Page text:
Some materials have dramatically different behavior in compression than in tension, and in some cases these materials are used primarily to resist compressive stresses. Examples include concrete and building stone.
Data from compression tests are therefore often needed for engineering applications. Compression tests have many similarities to tension tests in the manner of conducting the test and in the analysis and interpretation of the results. Since tension tests have already been considered in detail in previous articles, the discussion here will focus on areas where these two types of tests differ.
Test Methods for Compression
A typical arrangement for a compression test is shown in Fig. 1. Uniform displacement rates in compression are applied in a manner similar to a tension test, except, of course, for the direction of loading. The specimen is most commonly a simple cylinder having a ratio of length to diameter, L/d, in the range 1 to 3.
However, values of L/d up to 10 are sometimes used where the primary objective is to accurately determine the elastic modulus in compression. Specimens with square or rectangular cross sections may also be tested.
Conversely, if L/d is small, the test result is affected by the details of the conditions at the end. In particular, as the specimen is compressed, the diameter increases due to the Poisson effect, but friction retards this motion at the ends, resulting in deformation into a barrel shape.
This effect can be minimized by proper lubrication of the ends. In materials that are capable of large amounts of deformation in compression, the choice of too small of an L/d ratio may result in a situation where the behavior of the specimen is dominated by the end effects, so that the test does not measure the fundamental compressive behavior of the material.
Considering both the desirability of small L/d to avoid buckling and large L/d to avoid end effects, a reasonable compromise is L/d = 3 for ductile materials. Values of L/d = 1.5 or 2 are suitable for brittle materials, where end effects are small.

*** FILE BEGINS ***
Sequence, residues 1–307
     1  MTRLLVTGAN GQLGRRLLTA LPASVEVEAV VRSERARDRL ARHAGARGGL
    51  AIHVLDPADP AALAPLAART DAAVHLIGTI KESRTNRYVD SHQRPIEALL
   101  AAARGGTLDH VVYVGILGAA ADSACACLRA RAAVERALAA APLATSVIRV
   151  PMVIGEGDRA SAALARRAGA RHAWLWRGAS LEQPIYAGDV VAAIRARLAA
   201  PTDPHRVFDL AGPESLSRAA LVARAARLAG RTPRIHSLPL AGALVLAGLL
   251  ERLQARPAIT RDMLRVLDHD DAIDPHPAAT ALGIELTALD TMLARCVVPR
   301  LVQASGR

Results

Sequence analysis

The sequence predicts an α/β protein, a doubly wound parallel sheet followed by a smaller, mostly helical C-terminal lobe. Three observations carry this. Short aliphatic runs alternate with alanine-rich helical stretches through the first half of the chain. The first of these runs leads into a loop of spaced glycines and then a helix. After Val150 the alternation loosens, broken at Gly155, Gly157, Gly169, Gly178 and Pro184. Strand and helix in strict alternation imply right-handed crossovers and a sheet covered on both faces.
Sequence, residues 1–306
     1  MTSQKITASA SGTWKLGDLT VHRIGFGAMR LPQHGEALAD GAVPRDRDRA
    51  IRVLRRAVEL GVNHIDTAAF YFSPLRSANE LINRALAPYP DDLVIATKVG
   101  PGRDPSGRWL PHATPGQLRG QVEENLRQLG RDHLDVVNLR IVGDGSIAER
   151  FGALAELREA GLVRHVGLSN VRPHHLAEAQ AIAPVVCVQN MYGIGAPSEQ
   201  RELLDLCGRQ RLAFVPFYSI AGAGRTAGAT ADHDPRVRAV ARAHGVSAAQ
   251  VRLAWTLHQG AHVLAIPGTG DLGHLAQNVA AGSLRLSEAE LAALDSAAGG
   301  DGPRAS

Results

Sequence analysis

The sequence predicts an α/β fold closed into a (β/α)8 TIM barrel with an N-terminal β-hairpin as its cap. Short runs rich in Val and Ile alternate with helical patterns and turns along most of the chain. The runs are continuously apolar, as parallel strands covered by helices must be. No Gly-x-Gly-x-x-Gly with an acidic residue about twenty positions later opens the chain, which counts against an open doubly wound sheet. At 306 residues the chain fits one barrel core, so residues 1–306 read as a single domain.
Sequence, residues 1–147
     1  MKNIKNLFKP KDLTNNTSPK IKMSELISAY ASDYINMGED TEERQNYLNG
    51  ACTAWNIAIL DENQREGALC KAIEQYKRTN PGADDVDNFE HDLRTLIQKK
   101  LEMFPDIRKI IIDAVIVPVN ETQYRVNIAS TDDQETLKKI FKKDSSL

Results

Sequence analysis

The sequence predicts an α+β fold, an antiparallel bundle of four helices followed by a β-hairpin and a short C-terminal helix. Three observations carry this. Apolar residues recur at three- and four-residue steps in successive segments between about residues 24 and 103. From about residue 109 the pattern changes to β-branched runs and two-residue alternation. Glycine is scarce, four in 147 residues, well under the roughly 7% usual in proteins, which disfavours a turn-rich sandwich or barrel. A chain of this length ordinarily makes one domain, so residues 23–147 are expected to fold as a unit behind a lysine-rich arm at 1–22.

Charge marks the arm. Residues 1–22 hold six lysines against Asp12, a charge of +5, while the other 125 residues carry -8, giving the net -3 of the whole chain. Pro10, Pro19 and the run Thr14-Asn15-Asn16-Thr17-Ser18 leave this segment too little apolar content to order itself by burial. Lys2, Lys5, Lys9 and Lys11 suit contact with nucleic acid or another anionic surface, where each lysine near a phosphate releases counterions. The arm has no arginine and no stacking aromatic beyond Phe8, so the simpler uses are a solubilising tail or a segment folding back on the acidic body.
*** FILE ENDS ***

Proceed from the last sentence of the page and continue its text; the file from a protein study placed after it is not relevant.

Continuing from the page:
Some examples of compression specimens of various materials both before and after testing are shown in Figs. 2 and 3. Mild steel shows typical ductile behavior, specifically large deformation without fracture ever occurring. The gray cast iron and concrete behaved in a brittle manner, and the aluminum alloy deformed considerably, but then also fractured. Fracture in compression usually occurs on an inclined plane or on a conical surface.
Materials Properties in Compression
The initial portions of compressive stress–strain curves have the same general nature as those in tension. Thus, various materials properties may be defined from the initial portion in the same manner as for tension, such as the elastic modulus E, the proportional limit σp, and the yield strength σo.
The ultimate strength behavior in compression differs in a qualitative way from that in tension. Note that the decrease in force prior to final fracture in tension is associated with the phenomenon of necking. This, of course, does not occur in compression.